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B-School Briefs


The Sims: Executive Edition

Case studies, once considered the only way to train MBAs, are losing some of their street cred. The latest challenge: computer simulations that allow students to run virtual companies. The games, now used by more than half of all B-schools, can last a couple of days or all semester. Students are assigned management roles and presented with a problem, then get to work. Professors track their every move and supply feedback. At the University of Pennsylvania's Wharton School, professors can create custom simulations, convert case studies to simulations, or develop alternate endings for existing scenarios. Even Harvard, where the case study originated nearly 100 years ago, plans to unveil a new management simulation this spring. As Samuel Wood, a former Stanford B-school professor who markets his own simulations, says: "You can read about bicycles. But you won't be a good cyclist until you start riding one."

Matriculate While-U-Wait

Tom Petty had it right: The waiting is the hardest part. Now William & Mary and Wake Forest B-schools are doing something about that. They have come up with an express service for admissions that reduces the months-long wait for acceptance notification to a matter of hours by replacing the lengthy application essay with an hour-long face-to-face interview by faculty and school administrators. At both schools, about 10% of all applicants used the fast-track process, which the schools say is more effective than traditional applications because it requires students to demonstrate business skills such as preparedness and grace under fire.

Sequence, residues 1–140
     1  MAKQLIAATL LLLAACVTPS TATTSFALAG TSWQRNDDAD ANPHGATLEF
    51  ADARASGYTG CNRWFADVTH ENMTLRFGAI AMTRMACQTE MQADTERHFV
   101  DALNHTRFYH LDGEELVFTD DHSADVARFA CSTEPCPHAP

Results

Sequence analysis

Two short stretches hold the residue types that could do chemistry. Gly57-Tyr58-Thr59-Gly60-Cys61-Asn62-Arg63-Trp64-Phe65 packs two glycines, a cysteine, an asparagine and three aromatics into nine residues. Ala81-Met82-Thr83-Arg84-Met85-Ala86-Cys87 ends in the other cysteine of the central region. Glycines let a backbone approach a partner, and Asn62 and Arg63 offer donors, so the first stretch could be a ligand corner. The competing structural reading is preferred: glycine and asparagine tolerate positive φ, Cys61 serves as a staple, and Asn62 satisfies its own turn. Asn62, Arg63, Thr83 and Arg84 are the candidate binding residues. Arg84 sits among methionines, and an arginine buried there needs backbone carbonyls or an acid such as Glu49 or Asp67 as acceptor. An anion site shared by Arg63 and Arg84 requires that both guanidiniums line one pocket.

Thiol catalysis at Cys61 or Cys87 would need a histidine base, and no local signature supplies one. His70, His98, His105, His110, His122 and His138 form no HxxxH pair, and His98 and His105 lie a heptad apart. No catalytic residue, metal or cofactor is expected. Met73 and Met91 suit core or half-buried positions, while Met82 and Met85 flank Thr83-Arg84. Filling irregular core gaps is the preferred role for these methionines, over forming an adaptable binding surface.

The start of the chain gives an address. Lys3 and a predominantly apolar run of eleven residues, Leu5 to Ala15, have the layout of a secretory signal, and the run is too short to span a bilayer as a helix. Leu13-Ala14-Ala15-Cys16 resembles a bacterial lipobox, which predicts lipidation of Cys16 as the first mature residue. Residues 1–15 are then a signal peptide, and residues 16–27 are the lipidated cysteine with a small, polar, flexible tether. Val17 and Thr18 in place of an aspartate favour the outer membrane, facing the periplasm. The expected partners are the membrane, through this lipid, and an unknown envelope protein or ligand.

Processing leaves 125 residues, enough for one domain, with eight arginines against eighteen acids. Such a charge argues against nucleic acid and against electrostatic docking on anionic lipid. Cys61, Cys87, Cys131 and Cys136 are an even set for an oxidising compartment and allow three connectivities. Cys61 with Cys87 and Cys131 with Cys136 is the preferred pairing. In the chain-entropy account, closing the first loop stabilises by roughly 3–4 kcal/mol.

For Communication Skills, the Play's the Thing

Taariq Lewis grasps his long-handled sword as he strides across the stage draped in regal robes, a crown atop his head. "Once more unto the breach, dear friends, once more; Or close the wall up with our English dead."

Lewis is a first-year MBA student at Massachusetts Institute of Technology's Sloan School of Management, and his starring role in Shakespeare's Henry V is part of a management communications class designed to teach the "soft skills" of teamwork and leadership. Similar efforts are under way at MBA programs at Babson College, Carnegie Mellon, Emory, and the University of Virginia, where B-school students perform in and sometimes write their own plays. "It really takes students out of their comfort zone," says Lau Lapides, who teaches Babson's acting class. While these classes might strike some as the B-school equivalent of basket weaving, they make some sense. Theater enhances communication skills, builds confidence, and requires teamwork—essential tools for managers. The plays themselves—whether Arthur Miller's Death of a Salesman or the students' own dramas—frequently touch on business themes. Henry V must assume leadership roles that any modern-day executive could relate to, from a wily negotiator to a general inspiring his troops. The happy ending—Henry's defeat of the French at Agincourt—doesn't hurt, either.


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